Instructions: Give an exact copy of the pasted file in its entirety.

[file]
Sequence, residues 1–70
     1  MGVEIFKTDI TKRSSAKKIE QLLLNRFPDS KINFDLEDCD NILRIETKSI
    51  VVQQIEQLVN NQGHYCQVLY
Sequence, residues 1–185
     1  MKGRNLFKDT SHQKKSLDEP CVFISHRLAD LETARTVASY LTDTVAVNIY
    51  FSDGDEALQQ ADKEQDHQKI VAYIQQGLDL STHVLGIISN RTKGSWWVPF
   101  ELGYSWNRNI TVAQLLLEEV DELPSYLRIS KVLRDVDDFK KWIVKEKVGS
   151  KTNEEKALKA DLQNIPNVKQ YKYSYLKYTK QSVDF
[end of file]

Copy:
Sequence, residues 1–70
     1  MGVEIFKTDI TKRSSAKKIE QLLLNRFPDS KINFDLEDCD NILRIETKSI
    51  VVQQIEQLVN NQGHYCQVLY
Sequence, residues 1–185
     1  MKGRNLFKDT SHQKKSLDEP CVFISHRLAD LETARTVASY LTDTVAVNIY
    51  FSDGDEALQQ ADKEQDHQKI VAYIQQGLDL STHVLGIISN RTKGSWWVPF
   101  ELGYSWNRNI TVAQLLLEEV DELPSYLRIS KVLRDVDDFK KWIVKEKVGS
   151  KTNEEKALKA DLQNIPNVKQ YKYSYLKYTK QSVDF